I’m on the hunt for cheap UK stocks that could perform well in 2023 and beyond.
One technique that can help to identify potential bargains is to look for stocks that are trading at their lowest level for at least one year.
Companies in this situation may have some problems — or they may simply be out of fashion and oversold. Changes in investor sentiment mean that it’s quite common for share prices to go too high or too low at different points in the market cycle.
I’ve been hunting for UK share prices that look too low to me. Here are my top three picks to buy now.
Vodafone Group: 9% yield
Telecoms group Vodafone operates some of the largest mobile networks in Europe and Africa.
However, this group is struggling with sluggish growth and a sizeable debt pile. Investors have been dumping Vodafone shares, which are now trading at levels last seen 20 years ago.
A brutal sell-off has left this FTSE 100 stock with a 9% dividend yield. Is this payout sustainable? I think things could get tight, but my feeling is that the group won’t want to cut the payout.
Chief executive Nick Read stepped down at the end of last year. His replacement will be expected to improve the group’s performance, possibly by splitting it up.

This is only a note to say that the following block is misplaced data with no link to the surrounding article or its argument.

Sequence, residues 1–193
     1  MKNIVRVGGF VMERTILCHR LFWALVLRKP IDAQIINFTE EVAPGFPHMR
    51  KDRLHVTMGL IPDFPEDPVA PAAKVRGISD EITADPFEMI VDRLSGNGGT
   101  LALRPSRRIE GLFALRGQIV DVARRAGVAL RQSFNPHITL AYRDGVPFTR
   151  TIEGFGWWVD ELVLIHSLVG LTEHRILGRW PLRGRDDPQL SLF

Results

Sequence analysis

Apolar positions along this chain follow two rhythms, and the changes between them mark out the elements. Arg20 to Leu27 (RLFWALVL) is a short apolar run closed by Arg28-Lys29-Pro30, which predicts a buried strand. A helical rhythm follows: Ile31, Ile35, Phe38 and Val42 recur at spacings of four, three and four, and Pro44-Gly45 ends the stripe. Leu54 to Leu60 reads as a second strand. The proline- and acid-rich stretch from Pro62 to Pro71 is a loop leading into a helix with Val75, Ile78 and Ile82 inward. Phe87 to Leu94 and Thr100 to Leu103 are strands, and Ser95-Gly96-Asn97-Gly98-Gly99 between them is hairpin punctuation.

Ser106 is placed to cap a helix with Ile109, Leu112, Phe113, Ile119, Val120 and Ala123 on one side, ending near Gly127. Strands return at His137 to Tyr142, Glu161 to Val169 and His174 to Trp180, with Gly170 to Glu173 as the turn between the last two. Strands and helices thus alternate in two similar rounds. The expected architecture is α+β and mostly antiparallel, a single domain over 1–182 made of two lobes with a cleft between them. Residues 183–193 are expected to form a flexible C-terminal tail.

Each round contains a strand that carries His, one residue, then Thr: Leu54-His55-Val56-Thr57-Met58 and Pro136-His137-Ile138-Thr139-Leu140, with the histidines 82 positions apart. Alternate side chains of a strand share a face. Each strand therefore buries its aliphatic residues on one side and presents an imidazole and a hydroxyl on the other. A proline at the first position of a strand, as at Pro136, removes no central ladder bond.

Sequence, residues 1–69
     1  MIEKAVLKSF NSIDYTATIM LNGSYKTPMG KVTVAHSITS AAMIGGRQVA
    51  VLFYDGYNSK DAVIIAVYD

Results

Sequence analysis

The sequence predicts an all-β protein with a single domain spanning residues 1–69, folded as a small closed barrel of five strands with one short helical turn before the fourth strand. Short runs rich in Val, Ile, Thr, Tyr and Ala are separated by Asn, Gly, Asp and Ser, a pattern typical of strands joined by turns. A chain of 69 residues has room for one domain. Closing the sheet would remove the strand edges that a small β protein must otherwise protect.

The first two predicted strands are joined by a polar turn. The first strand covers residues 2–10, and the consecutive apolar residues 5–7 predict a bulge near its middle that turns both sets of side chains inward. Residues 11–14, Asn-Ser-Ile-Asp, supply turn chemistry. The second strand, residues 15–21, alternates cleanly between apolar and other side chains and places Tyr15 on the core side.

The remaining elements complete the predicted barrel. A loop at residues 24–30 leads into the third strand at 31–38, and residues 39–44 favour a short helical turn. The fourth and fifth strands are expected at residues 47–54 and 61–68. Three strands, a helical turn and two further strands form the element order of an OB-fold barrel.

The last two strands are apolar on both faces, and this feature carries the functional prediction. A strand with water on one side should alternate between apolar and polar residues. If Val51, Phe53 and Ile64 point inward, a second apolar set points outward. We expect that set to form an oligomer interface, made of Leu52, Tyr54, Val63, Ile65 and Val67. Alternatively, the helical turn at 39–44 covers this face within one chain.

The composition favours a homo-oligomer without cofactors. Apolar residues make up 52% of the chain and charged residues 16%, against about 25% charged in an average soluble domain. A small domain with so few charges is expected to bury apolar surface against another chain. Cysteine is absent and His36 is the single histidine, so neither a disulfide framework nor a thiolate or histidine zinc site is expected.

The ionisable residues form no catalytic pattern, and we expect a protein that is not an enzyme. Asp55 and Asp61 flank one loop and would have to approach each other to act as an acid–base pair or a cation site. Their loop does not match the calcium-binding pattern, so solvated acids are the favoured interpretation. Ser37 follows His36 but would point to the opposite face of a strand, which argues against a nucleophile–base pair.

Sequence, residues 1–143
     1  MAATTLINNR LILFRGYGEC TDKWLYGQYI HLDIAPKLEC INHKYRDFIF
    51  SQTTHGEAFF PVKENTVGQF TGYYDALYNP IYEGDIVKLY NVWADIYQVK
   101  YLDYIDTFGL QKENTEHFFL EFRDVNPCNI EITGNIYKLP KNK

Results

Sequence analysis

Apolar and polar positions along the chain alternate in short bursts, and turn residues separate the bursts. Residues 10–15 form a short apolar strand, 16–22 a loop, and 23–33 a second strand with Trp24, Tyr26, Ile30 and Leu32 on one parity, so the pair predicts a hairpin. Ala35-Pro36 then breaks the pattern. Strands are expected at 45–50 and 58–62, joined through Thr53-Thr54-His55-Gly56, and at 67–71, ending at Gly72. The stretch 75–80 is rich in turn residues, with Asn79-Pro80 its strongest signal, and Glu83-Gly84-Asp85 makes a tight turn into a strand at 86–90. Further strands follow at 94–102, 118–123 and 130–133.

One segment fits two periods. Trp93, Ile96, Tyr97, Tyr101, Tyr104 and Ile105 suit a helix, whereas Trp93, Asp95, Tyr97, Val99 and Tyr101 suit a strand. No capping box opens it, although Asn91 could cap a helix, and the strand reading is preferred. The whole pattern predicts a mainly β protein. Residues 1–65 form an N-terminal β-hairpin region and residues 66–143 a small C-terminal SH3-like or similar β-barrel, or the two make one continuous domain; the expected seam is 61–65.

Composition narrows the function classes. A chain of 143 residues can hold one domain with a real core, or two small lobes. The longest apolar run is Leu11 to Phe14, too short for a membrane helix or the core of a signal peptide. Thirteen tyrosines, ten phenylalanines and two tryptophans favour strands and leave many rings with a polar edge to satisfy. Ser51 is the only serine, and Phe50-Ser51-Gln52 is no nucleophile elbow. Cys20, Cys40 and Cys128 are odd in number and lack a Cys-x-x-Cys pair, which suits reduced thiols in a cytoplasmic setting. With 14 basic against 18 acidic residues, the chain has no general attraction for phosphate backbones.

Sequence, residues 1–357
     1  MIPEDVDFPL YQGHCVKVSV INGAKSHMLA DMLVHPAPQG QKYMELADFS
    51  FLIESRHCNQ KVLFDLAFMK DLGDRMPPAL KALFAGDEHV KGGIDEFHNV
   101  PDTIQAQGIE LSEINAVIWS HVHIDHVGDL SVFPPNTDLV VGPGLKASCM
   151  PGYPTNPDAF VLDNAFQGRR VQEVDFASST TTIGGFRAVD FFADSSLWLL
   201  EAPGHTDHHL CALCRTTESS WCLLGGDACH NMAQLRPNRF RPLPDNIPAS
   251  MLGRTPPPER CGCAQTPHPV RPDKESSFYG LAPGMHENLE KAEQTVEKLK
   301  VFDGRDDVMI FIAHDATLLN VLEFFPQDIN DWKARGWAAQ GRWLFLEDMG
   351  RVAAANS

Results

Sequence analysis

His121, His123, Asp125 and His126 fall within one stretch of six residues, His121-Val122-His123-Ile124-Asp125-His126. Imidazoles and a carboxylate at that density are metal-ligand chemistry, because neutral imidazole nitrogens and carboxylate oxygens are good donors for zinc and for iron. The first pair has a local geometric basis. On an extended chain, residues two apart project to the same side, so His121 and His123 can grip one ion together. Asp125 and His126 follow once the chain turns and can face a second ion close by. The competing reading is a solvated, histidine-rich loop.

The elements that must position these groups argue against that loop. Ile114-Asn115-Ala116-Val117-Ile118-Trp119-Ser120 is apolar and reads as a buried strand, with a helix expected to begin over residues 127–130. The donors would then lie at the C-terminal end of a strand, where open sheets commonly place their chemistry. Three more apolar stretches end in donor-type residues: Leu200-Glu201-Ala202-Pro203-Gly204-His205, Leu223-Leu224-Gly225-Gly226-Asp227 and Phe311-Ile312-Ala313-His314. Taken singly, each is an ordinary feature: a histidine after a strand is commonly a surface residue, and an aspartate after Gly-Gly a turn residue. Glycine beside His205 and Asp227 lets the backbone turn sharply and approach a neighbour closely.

This business has disappointed investors before, but I think there’s value here. I reckon it could be a good time to buy Vodafone.
Computacenter: on my buy list
I’ve admired FTSE 250 IT services group Computacenter (LSE: CCC) for years. I think it’s an excellent business with strong management and a sizeable share of a growing market.
The stock has often looked expensive to me, but with recession looming in the UK and the work-from-home boom fading, its share price has come back down to earth.
Right now, shares in this business are trading on just 12 times forecast earnings, with a 3.5% dividend yield. For a company that consistently generates a 20%+ return on equity, I think that’s probably too cheap.
The risk is that the firm’s large corporate and public sector clients may cut their IT spending in a recession.
However, on a long-term view, I think spending on IT and cyber security will continue to rise.
In my view, Computacenter still has plenty of room to grow. This stock is on the shortlist to buy for my own portfolio.
James Halstead: a quality family business
My final choice is James Halstead (LSE: JHD). This AIM-listed firm manufactures and supplies floorcoverings to customers all over the world.
It’s best known for its Polyflor vinyl flooring product. Past customers have included cruise ships, hotels, hospitals and even the Scott Base in Antarctica.
This business is still family-controlled and is run by Mark Halstead, who’s the great-grandson of the firm’s founder.
Profit margins are above average and there’s no debt. The group’s dividend hasn’t been cut for more than 30 years — and currently offers a tempting 4.3% yield.
Fears of a demand slump this year have sent Halstead’s share price tumbling. I think this could be an opportunity for long-term investors to pick up some stock at a reasonable price. I’m certainly tempted myself.